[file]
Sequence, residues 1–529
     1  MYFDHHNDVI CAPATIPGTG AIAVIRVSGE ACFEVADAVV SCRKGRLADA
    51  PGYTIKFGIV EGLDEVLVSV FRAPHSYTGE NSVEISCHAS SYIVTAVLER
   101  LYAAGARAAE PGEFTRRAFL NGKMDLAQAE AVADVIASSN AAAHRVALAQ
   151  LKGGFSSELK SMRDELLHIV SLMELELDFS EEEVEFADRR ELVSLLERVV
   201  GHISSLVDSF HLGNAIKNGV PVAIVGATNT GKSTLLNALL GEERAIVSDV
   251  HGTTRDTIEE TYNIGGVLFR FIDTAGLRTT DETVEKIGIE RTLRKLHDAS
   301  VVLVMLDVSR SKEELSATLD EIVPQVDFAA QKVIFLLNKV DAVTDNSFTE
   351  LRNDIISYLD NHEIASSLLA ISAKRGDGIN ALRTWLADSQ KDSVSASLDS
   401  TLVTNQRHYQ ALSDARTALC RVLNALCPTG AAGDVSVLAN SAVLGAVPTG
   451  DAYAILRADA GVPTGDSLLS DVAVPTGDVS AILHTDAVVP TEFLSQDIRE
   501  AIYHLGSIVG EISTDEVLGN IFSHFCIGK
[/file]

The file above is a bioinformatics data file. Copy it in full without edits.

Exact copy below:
Sequence, residues 1–529
     1  MYFDHHNDVI CAPATIPGTG AIAVIRVSGE ACFEVADAVV SCRKGRLADA
    51  PGYTIKFGIV EGLDEVLVSV FRAPHSYTGE NSVEISCHAS SYIVTAVLER
   101  LYAAGARAAE PGEFTRRAFL NGKMDLAQAE AVADVIASSN AAAHRVALAQ
   151  LKGGFSSELK SMRDELLHIV SLMELELDFS EEEVEFADRR ELVSLLERVV
   201  GHISSLVDSF HLGNAIKNGV PVAIVGATNT GKSTLLNALL GEERAIVSDV
   251  HGTTRDTIEE TYNIGGVLFR FIDTAGLRTT DETVEKIGIE RTLRKLHDAS
   301  VVLVMLDVSR SKEELSATLD EIVPQVDFAA QKVIFLLNKV DAVTDNSFTE
   351  LRNDIISYLD NHEIASSLLA ISAKRGDGIN ALRTWLADSQ KDSVSASLDS
   401  TLVTNQRHYQ ALSDARTALC RVLNALCPTG AAGDVSVLAN SAVLGAVPTG
   451  DAYAILRADA GVPTGDSLLS DVAVPTGDVS AILHTDAVVP TEFLSQDIRE
   501  AIYHLGSIVG EISTDEVLGN IFSHFCIGK